Keeping service on the streets despite drop in sales tax revenues that support transit
StoryA new era of public transportation in the region began this summer with the arrival of Link light rail. The next Town Hall Meeting of the Metropolitan King County Council will focus on the impact light rail will have on the regional transit system, and the fiscal challenges facing Metro Transit, which is facing a deficit of $213 million for 2010-2011.
The Town Hall, a special meeting of the Council’s Committee of the Whole, will be held on Wednesday, September 30 at the Rainier Vista Boys and Girls Club, 4520 Martin Luther King Jr. Way South, Seattle—one block north of Sound Transit’s Columbia City Light Rail station. The public is invited to meet with Councilmembers at an informal reception starting at 6:00 p.m. The Town Hall will begin at 6:30 p.m.
“The start of light rail is changing the face of public transit in many of the communities I represent, and I want to hear how those changes are affecting the lives of people who depend on public transportation,” said Councilmember Larry Gossett, host of the Town Hall. “I’m also look forward to bringing citizens, experts, and councilmembers together to discuss the changes we will need to make to continue meeting the needs of the millions of riders who use public transportation in King County.”
“As a regular Metro commuter, I understand the impact that proposed service cuts would have on riders,” said Councilmember Bob Ferguson, Chair of the Committee of the Whole. “This Town Hall is an opportunity for the public to have a role in the reshaping of transit in our community.”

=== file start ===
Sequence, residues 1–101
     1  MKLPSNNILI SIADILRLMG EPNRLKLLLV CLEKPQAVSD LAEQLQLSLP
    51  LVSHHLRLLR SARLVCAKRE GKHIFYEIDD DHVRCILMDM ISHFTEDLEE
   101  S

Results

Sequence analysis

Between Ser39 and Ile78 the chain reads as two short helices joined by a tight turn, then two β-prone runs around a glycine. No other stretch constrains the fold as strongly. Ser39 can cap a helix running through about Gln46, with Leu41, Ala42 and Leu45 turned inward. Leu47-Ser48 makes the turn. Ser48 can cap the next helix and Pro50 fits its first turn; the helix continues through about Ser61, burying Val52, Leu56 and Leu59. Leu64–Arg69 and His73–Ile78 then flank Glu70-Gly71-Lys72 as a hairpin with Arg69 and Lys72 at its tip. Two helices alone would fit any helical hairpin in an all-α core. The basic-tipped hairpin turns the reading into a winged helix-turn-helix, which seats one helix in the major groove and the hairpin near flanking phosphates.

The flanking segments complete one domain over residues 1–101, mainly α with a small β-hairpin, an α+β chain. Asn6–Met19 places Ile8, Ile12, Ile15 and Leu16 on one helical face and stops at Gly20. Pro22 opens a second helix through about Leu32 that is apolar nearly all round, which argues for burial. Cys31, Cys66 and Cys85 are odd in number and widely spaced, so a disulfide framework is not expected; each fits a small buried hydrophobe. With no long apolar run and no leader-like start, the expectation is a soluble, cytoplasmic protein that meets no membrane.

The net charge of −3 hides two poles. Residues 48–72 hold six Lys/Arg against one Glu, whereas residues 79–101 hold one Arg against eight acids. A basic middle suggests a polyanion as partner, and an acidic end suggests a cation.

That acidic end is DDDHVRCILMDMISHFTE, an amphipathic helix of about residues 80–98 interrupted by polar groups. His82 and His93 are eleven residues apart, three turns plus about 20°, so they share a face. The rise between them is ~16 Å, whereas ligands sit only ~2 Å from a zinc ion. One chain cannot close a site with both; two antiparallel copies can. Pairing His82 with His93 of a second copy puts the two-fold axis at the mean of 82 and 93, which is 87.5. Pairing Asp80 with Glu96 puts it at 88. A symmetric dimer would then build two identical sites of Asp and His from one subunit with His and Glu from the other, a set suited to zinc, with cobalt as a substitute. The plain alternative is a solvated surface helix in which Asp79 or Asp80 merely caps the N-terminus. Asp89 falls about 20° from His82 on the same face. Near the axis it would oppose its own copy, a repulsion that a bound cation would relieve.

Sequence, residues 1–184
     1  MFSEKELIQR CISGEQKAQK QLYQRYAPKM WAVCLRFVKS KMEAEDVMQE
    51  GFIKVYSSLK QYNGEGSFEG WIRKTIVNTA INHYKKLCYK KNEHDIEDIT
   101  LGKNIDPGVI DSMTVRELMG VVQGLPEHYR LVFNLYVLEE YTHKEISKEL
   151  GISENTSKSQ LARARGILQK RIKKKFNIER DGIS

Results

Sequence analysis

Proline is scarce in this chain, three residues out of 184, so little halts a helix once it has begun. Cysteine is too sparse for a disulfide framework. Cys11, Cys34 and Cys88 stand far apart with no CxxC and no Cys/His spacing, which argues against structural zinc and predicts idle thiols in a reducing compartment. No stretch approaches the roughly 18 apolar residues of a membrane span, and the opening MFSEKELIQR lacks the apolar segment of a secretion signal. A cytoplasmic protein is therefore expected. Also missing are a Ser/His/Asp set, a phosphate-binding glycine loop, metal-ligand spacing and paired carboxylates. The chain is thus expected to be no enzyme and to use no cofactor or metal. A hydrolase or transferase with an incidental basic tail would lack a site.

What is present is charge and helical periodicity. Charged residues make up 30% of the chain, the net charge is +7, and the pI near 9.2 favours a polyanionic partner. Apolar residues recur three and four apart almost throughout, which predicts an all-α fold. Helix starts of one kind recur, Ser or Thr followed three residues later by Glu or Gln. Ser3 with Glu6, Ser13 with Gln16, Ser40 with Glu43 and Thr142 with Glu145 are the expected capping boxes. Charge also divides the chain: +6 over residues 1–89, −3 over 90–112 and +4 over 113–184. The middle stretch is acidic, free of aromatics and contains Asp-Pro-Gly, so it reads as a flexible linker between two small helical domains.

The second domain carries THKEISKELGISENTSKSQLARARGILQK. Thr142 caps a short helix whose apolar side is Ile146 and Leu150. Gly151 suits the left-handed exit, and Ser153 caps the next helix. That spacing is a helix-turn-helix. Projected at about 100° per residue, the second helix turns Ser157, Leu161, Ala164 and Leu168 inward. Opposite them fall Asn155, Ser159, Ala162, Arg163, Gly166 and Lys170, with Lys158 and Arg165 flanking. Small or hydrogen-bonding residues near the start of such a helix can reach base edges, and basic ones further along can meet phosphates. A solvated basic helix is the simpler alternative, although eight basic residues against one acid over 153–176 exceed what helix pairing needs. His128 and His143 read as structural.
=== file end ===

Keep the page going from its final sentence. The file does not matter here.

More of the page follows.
The public and the committee will receive briefings from:
• Ron Tober, Deputy CEO of Sound Transit, on the opening of Link light rail July 18,
• Metro Transit’s Victor Obeso, Manager of Service Development, and Jack Lattemann, Transportation Planner, on the integration and restructuring of bus service with the arrival of light rail,
• Metro Transit General Manager Kevin Desmond, on Metro’s budget gap and the agency’s service reduction strategy in the wake of declining revenues.
Presenters will take questions from the audience and Councilmembers will take public testimony on any issue at the end of the program.
A sharp drop in the sales tax revenues that support bus service led to the current projection of a $213 million shortfall in the 2010-2011 biennium.
More about Town Halls
Town Halls are part of Councilmembers’ initiative to “get out of the courthouse” and into the communities they serve. In 2009, the Council has been in Carnation to hear from the public on the County’s response to the winter weather emergencies; in Renton to discuss the services provided by Public Health; in Shoreline to review the services available for King County veterans; in Bellevue to learn more about the Mountains to Sound Greenway; in Auburn to focus on several innovative criminal justice programs taking proactive steps to reduce crime; and in Seattle’s South Lake Union neighborhood to discuss steps being taken to encourage economic recovery and development .
Each Town Hall is a special meeting of the Council’s Committee of the Whole, the only standing committee on which all nine members serve. It considers legislation and policy issues of interest to the entire Council.